US negotiators cite ‘modest progress’ in Iran nuclear talks

First talks under Iran's President Raisi included agreement to an agenda for future rounds of negotiations

The seventh round of indirect talks — which constitute the first negotiations with the Raisi administration — lasted for weeks. Handout/Reuters

A senior US State Department official on Friday cited “modest progress” as the seventh round of talks to revive the Iran nuclear deal concluded in Vienna with myriad outstanding issues to address.

“It was better than it might have been; it was worse than it should have been,” the US official told reporters on a press call.

“It was better than it might have been because there was some modest progress.”

However, the US and Iran remain at the same impasse that has held up an agreement since before Iran's President Ebrahim Raisi — a nuclear deal sceptic — took office in August.

The seventh round of indirect talks — which constitute the first negotiations with the Raisi administration — lasted for weeks and only ended on an agreement regarding what will be on the agenda for future discussions.

The US official credited the EU for that progress, which revolved around reaching a “common understanding of what the text will be able to serve as the basis for negotiations on the nuclear issues".

The official said Iranian negotiators cut off the talks on Friday to return to Tehran after agreeing to a future agenda. Nonetheless, US negotiators were prepared to stay and continue the talks into next week.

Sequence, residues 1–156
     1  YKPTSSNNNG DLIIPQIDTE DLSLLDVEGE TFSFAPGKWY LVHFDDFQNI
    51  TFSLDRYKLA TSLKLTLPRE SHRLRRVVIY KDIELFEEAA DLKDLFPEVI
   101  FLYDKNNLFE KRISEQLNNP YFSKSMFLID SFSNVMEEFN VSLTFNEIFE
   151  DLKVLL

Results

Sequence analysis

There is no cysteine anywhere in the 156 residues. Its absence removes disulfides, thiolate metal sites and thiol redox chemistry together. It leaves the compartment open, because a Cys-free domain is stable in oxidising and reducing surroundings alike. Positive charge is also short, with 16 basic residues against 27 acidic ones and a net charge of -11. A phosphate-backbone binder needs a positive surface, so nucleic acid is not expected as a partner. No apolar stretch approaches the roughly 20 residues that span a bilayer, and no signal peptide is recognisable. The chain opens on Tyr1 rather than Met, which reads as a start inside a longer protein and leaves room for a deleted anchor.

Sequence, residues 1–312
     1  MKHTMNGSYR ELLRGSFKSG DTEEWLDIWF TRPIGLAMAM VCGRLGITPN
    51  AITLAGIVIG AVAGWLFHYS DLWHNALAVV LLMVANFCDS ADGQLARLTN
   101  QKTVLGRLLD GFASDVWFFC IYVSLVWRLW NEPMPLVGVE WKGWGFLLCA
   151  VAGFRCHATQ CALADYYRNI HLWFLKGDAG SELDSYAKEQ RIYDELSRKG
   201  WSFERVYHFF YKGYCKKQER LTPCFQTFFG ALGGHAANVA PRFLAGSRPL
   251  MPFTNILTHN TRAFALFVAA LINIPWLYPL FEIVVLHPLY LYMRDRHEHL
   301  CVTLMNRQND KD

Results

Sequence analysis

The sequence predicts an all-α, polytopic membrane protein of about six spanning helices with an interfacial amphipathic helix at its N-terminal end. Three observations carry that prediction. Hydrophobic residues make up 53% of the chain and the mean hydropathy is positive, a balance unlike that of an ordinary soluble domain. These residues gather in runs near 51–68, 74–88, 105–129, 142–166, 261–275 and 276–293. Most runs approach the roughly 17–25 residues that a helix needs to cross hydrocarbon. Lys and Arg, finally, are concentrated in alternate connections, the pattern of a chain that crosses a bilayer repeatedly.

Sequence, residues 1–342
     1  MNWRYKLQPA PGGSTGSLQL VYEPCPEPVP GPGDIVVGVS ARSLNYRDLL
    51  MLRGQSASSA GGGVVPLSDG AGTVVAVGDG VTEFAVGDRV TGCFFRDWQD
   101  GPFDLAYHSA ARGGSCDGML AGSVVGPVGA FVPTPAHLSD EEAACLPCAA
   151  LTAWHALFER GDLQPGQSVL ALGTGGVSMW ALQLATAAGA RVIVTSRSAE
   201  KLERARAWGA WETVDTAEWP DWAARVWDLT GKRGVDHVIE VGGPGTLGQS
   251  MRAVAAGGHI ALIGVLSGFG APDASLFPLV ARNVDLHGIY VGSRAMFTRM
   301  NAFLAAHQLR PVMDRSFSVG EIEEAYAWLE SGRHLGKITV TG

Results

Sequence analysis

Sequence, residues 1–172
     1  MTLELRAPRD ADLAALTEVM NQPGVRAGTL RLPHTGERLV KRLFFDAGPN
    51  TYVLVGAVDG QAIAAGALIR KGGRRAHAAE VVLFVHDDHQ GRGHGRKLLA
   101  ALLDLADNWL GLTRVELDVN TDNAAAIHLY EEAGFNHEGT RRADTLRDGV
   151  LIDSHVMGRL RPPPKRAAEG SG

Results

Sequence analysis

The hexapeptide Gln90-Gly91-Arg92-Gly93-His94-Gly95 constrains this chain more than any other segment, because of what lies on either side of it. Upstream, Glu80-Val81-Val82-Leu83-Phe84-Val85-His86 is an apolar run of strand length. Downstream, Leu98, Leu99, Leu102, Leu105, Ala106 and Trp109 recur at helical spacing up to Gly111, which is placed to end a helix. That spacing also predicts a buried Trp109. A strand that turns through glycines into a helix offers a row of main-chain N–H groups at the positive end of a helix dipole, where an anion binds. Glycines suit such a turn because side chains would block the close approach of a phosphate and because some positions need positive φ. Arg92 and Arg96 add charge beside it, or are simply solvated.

In addition, the official credited Russia and International Atomic Energy Agency (IAEA) Director Rafael Grossi for brokering a deal that would allow the global nuclear watchdog to replace broken cameras at Iran’s Karaj centrifuge site.

The cameras were destroyed in a sabotage attack on the site in June, which Iran has attributed to Israel.

The senior State Department official said the US had “come close” to calling an extraordinary meeting of the IAEA’s board of governors until Iran agreed to replace the broken cameras.

“If Iran fails to follow up this time … I think it will be inevitable that this issue comes before the board of governors,” the State Department official said.

The official also said that the pace of the talks will have to accelerate as Iran’s advancements in its nuclear programme threaten to render the 2015 nuclear deal obsolete.

“If it takes this much time to agree on a common agenda, imagine how much time it will take to resolve the issues on the agenda,” the US official said. “So, it’s going to have to be a very significant acceleration.”

Since the Hassan Rouhani administration, the US and Iran have remained at an impasse over disagreements regarding what sanctions Washington must lift and what nuclear activities Tehran must scale back for both sides to come back into compliance with the agreement.

Iran began steadily ratcheting up its breaches of the 2015 accord following former president Donald Trump’s withdrawal from the agreement in 2018, which came with the reinstatement of US sectoral sanctions on the Iranian economy.

Since then, the breakout time Iran needs to produce a nuclear weapon has decreased from a year to a few months, a senior US official has said.

Updated: December 17th 2021, 11:38 PM